Welcome to Practical Action's library of resources

We are an international development organisation putting ingenious ideas to work so people in poverty can change their world. 

We help people find solutions to some of the world’s toughest problems. Challenges made worse by catastrophic climate change and persistent gender inequality. We work with communities to develop ingenious, lasting and locally owned solutions for agriculture, water and waste management, climate resilience and clean energy. And we share what works with others, so answers that start small can grow big. 

We’re a global change-making group. The group consists of a UK registered charity with community projects in Africa, Asia and Latin America, an independent development publishing company and a technical consulting service. We combine these specialisms to multiply our impact and help shape a world that works better for everyone. 


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About infoHub

The Practical Action infoHub supports this work by making materials, information and publications publically available for people all over the world to access and use.

 

 

  • Reuse it!

    Practical Action (Practical ActionPractical Action, United Kingdom, 2010-01-04)
    Reuse It! is a design and make project that encourages pupils to incorporate a 'throwaway/waste' item(s) within their design proposal.
  • Less is more

    Practical Action (Practical ActionPractical Action, United Kingdom, 2010-01-04)
    Less is more is a redesign activity to propose how a familiar product can be packaged more sustainably..
  • Fair Textiles

    Practical Action (Practical ActionPractical Action, United Kingdom, 2018-06-01)
    Fair Textiles is a design and make project for pupils aged 11-16 years. It encouraged them to use textiles that do not harm people or the environment.
  • Artesanía Textil Melgar

    Practical Action América Latina (Practical ActionPractical Action, Latin America, 2017)
    En esta ocasión presentamos el primer BIP del proyecto Incremento del empleo y el ingreso neto de las familias de artesanas(os) tejedoras(es) de prendas textiles de la Provincia de Melgar – Puno, cuyo ámbito de acción incluye los distritos de Ayaviri, Ñuñoa y Santa Rosa de la provincia de Melgar en la región Puno. El proyecto busca contribuir a la mejora del empleo y los ingresos de las familias productoras de textiles artesanales de la provincia de Melgar
  • Pre-crisis market analysis for disaster risk reduction in urban informal settlements. A pilot study on housing market system in Polvorines, Peru

    Ilieva, Lili (Practical ActionPractical Action, Latin America, 2017)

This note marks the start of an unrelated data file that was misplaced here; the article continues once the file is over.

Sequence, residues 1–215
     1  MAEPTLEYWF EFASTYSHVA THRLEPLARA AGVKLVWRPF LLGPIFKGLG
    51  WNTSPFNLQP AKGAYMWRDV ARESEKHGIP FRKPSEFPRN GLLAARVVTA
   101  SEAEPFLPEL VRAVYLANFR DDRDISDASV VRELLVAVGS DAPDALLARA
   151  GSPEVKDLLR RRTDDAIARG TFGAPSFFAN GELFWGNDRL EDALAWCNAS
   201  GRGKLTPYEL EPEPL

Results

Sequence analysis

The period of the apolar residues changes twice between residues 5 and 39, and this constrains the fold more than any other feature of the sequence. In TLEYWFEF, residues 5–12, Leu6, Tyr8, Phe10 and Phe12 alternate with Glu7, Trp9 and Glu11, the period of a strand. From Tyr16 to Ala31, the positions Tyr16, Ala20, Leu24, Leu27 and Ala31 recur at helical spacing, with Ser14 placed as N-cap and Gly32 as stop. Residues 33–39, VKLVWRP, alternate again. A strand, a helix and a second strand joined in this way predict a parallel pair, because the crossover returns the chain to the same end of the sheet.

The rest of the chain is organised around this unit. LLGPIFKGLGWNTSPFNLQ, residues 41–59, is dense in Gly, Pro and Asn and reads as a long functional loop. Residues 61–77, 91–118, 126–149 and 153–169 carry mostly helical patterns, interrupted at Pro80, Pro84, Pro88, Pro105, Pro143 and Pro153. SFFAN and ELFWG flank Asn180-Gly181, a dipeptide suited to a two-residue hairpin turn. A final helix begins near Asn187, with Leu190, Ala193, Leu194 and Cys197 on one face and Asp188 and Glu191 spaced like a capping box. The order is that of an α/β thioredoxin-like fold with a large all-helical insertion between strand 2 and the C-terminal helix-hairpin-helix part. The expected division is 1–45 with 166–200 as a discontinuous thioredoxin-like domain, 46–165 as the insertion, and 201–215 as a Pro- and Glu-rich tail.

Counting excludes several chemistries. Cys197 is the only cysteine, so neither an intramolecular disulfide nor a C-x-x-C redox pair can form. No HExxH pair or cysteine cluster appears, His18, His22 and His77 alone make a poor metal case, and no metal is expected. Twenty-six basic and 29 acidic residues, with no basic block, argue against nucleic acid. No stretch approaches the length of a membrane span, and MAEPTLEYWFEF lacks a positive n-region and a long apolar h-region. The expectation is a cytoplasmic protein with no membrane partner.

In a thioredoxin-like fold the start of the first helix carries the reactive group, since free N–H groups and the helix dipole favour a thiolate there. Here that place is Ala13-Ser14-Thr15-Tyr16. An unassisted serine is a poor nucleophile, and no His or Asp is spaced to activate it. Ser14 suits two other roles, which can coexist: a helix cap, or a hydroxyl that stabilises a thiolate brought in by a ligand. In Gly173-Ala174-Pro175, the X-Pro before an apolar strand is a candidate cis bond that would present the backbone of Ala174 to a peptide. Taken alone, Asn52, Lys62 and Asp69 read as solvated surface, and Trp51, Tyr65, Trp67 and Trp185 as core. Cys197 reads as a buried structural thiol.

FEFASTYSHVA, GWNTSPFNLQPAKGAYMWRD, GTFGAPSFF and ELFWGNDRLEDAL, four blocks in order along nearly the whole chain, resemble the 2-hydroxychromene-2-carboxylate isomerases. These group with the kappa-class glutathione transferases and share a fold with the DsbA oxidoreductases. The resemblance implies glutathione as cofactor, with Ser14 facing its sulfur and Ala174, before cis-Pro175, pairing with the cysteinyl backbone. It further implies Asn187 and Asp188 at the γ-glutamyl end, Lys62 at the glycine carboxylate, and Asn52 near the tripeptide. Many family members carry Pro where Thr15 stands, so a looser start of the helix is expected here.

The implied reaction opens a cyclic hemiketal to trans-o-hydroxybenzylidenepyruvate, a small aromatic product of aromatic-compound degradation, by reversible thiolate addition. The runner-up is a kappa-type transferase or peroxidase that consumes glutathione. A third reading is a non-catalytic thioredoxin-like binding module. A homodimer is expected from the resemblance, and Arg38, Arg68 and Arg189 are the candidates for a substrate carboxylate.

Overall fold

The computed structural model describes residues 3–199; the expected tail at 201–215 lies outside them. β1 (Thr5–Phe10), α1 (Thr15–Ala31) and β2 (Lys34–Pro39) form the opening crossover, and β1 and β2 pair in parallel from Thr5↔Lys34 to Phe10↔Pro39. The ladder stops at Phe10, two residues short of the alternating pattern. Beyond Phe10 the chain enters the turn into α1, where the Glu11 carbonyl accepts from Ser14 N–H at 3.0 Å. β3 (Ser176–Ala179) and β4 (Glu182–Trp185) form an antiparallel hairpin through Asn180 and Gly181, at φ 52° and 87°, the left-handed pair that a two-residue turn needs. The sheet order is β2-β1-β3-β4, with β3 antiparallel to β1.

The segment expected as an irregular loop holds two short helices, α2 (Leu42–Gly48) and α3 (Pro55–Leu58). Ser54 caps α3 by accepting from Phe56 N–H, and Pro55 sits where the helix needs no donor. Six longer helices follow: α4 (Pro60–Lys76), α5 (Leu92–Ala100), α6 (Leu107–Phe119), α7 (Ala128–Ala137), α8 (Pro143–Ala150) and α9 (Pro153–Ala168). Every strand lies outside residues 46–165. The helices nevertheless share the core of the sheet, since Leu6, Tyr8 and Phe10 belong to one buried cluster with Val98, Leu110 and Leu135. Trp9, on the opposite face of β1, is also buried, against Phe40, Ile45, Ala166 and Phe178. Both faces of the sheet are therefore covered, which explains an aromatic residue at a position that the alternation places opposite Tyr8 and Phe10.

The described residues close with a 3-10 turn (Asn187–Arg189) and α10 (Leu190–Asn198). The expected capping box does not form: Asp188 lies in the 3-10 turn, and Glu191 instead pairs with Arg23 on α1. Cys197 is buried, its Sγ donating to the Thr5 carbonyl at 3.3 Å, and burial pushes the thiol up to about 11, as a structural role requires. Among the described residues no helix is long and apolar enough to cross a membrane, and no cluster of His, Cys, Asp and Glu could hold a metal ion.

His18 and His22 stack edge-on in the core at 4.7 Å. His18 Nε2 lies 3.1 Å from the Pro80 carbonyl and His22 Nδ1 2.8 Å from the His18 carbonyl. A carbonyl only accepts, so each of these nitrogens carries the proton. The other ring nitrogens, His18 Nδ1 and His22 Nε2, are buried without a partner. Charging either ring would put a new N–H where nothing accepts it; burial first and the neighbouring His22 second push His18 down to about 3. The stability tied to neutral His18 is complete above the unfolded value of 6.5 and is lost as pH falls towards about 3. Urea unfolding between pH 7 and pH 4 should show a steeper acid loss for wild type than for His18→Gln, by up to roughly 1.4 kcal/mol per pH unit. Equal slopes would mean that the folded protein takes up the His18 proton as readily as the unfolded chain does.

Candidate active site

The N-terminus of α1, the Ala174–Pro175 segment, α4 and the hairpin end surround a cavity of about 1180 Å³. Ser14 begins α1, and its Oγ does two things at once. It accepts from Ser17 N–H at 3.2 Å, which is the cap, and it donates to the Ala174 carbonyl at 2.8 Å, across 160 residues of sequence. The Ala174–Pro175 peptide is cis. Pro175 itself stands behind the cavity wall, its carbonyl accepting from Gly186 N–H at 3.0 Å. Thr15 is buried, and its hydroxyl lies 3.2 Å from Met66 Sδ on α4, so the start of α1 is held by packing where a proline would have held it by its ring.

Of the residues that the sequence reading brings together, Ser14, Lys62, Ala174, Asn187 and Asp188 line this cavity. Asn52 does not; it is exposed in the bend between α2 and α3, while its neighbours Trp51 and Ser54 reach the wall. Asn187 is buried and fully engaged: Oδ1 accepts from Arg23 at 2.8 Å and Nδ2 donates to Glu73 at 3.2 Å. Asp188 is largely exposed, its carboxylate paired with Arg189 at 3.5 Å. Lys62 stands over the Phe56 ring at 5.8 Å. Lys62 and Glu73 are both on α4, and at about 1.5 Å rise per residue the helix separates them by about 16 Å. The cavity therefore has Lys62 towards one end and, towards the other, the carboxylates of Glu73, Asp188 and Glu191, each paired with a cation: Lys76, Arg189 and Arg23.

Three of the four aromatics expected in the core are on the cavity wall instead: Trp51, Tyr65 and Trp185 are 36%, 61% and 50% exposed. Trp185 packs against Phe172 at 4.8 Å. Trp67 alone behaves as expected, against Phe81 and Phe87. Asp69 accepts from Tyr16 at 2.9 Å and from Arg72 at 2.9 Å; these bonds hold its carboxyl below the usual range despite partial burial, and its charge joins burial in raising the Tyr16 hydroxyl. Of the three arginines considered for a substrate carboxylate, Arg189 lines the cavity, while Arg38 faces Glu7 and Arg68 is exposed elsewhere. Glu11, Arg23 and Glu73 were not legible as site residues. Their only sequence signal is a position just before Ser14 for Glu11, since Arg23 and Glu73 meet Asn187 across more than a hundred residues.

Today, the majority of the global population lives in urban areas and this rapid urbanization is a root cause of increasing disaster risk (UNISDR, 2012; 2013). As more people settle in unregulated highrisk areas, the greater the probability of casualties and economic losses is, as a result of climatic events such as floods. This makes it critical to focus on disaster risk reduction in urban areas (UNISDR, 2012). This shift has contributed to one of the biggest challenges in developing countries: the formation of unplanned informal settlements in high risk areas. In the Latin America and Caribbean region, informal settlements are a significant feature of urban growth. According to UN-Habitat (2016), 104 million people live in irregular settlements in the region, equivalent to 21% of its urban population as of 2014. In Peru alone, 8.2 million people live in such peri-urban areas, which correspond to 34% of the urban population. People living in informal settlements are particularly vulnerable to floods (GFDRR/ World Bank, 2012). Most informal settlements carry physical vulnerabilities because of their inappropriate location or poor construction practices. These settlements are often located in highly risk areas and built with low quality design and construction materials, on plots with no secure land tenure. This also leads households to be left out of the basic service provision such as potable water and electricity. They therefore rely on illegal connections to electricity poles, to water points and do not currently have access to improved sanitation. The drivers for this urbanisation are economic opportunity pulling people to the cities for jobs, compounded by lack of planning enforcement, allowing illegal settlements to establish and grow. As a result local livelihoods, strongly depend on market systems, be it for food, access to water and sanitation, adequate housing and employment. In the face of catastrophic events market systems in these areas are often severely disrupted and collapse, thus affecting the coping capacity of the population to survive and recover. Market oriented approaches for emergency response, such as the Emergency Market Mapping Analysis (EMMA) toolkit1, have proved to be effective in rapid analyses of market systems in post-disaster context. In recent years it has been recognised that incorporating market development approaches in risk reduction will facilitate transition from dependence on external relief to building local resilience.

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